Canada’s domestic violence crisis didn’t begin with COVID-19. Although the pandemic exacerbated the dangers for many victims, this is a pervasive societal scourge that affects more than four in ten women and a not insignificant number of men. When The Globe and Mail set out to explore the issue, we assumed a vast amount of data and information would be available. Instead, we encountered patchy or non-existent data, obfuscation and lack of transparency by police, and research silos that meant important information was not being shared with people who needed it.
As a result, it’s almost impossible to document the extent of the problem. Canada does not have a dedicated national research organization, unlike Australia, which has established one as part of its domestic violence plan. But the independent Canadian Femicide Observatory for Justice and Accountability (CFOJA) – which tracks the killings of women and girls across the country, with the goal of cultivating a more nuanced understanding of how these deaths can be prevented – shared their case list for a single year with The Globe and Mail. Their tally was devastating: a total of 160 women and girls killed by violence in 2020.
As a snapshot of domestic violence, the list isn’t perfect – male victims are not included, for example. And though many women on the list were killed by someone they knew, that was not the case for everyone. The CFOJA was able to identify the relationship between a victim and her killer in only two-thirds of cases, usually because the police were not clear or would not share the information. Researchers estimate as many as 20 per cent of intimate partner homicides are missed, because the relationships may fall outside the traditional “partner” definition. (For example, investigators may miss a hidden or casual relationship.)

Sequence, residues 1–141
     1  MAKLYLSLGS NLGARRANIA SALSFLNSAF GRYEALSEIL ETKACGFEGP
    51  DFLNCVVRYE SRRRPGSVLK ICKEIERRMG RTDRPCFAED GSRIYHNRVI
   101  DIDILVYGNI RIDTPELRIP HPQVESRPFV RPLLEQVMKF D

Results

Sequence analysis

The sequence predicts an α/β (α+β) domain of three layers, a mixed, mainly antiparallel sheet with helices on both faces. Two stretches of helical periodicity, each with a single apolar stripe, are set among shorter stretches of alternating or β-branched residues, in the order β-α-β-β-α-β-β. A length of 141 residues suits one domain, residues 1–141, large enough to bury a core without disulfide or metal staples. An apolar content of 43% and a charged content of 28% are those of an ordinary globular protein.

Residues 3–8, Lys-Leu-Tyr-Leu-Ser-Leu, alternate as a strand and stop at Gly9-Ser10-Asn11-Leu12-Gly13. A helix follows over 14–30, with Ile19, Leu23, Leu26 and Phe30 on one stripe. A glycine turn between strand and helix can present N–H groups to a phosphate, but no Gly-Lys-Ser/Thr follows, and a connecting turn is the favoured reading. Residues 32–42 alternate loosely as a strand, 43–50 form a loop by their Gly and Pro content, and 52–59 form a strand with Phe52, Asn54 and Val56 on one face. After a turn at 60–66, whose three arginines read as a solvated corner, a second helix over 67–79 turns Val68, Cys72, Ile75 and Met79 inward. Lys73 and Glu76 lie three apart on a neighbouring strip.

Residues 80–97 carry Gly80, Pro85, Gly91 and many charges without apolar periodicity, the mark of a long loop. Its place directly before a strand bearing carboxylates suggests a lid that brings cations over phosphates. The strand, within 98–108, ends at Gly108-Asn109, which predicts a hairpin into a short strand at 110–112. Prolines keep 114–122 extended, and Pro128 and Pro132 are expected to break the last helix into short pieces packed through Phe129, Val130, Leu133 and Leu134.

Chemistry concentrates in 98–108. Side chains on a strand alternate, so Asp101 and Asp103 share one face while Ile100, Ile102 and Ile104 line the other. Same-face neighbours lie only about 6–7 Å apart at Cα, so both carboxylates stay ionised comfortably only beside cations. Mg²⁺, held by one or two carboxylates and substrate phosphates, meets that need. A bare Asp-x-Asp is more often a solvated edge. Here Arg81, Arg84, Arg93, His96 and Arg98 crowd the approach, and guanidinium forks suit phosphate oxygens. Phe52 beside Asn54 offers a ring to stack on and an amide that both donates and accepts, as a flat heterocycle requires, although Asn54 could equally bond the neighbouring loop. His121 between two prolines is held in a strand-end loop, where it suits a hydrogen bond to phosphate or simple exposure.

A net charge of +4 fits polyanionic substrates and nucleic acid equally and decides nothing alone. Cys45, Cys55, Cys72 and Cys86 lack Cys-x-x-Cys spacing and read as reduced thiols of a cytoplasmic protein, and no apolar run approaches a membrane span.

Other challenges emerged when we tried to learn more about these women and the circumstances that led to them being killed. Many of the deaths merited only the briefest mention in local media. Some women were never named at all, rendering them essentially invisible. When we did track down names, multiple police services refused to release crucial information, such as the relationship between the victim and the accused. Particularly in the case of murder-suicides, where there would be no charges or court case, police often refused to confirm the identity of the perpetrator, citing privacy concerns. In some cases, publication bans hid the names of the deceased or the accused. Many cases were still before the courts, which meant details were unavailable.
When we reached out to victims’ families, some were eager to talk, but others were reluctant. Some had felt misrepresented by previous encounters with media. Some had been advised not to talk ahead of a trial. Some only knew a little about their loved one’s situation, because the victim had kept quiet due to shame or fear. Some told us that their loved ones – who had been murdered by partners or ex-partners – were not in abusive relationships.
It became clear that even people in abusive relationships and those around them might not recognize certain forms of abuse (emotional or financial, for example.) If individuals who were in abusive relationships didn’t even know it, what else was being missed or misunderstood about domestic violence?